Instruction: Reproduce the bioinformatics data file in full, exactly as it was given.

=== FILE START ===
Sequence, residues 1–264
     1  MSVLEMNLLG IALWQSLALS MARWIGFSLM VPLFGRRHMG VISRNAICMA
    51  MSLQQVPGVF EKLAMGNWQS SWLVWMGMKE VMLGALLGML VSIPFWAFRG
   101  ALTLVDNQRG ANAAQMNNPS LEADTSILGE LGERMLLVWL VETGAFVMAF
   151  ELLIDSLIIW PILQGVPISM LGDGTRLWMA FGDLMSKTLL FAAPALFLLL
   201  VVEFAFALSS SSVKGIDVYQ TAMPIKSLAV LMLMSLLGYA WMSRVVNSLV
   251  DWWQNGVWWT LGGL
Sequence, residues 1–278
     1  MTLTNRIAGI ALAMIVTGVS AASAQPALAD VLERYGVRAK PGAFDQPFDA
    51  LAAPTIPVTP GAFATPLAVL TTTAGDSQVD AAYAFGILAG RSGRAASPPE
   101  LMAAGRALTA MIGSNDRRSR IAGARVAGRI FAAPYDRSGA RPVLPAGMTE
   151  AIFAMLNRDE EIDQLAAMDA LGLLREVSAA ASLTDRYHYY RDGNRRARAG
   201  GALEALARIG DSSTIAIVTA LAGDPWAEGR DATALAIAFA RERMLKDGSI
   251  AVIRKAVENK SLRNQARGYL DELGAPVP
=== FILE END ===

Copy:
Sequence, residues 1–264
     1  MSVLEMNLLG IALWQSLALS MARWIGFSLM VPLFGRRHMG VISRNAICMA
    51  MSLQQVPGVF EKLAMGNWQS SWLVWMGMKE VMLGALLGML VSIPFWAFRG
   101  ALTLVDNQRG ANAAQMNNPS LEADTSILGE LGERMLLVWL VETGAFVMAF
   151  ELLIDSLIIW PILQGVPISM LGDGTRLWMA FGDLMSKTLL FAAPALFLLL
   201  VVEFAFALSS SSVKGIDVYQ TAMPIKSLAV LMLMSLLGYA WMSRVVNSLV
   251  DWWQNGVWWT LGGL
Sequence, residues 1–278
     1  MTLTNRIAGI ALAMIVTGVS AASAQPALAD VLERYGVRAK PGAFDQPFDA
    51  LAAPTIPVTP GAFATPLAVL TTTAGDSQVD AAYAFGILAG RSGRAASPPE
   101  LMAAGRALTA MIGSNDRRSR IAGARVAGRI FAAPYDRSGA RPVLPAGMTE
   151  AIFAMLNRDE EIDQLAAMDA LGLLREVSAA ASLTDRYHYY RDGNRRARAG
   201  GALEALARIG DSSTIAIVTA LAGDPWAEGR DATALAIAFA RERMLKDGSI
   251  AVIRKAVENK SLRNQARGYL DELGAPVP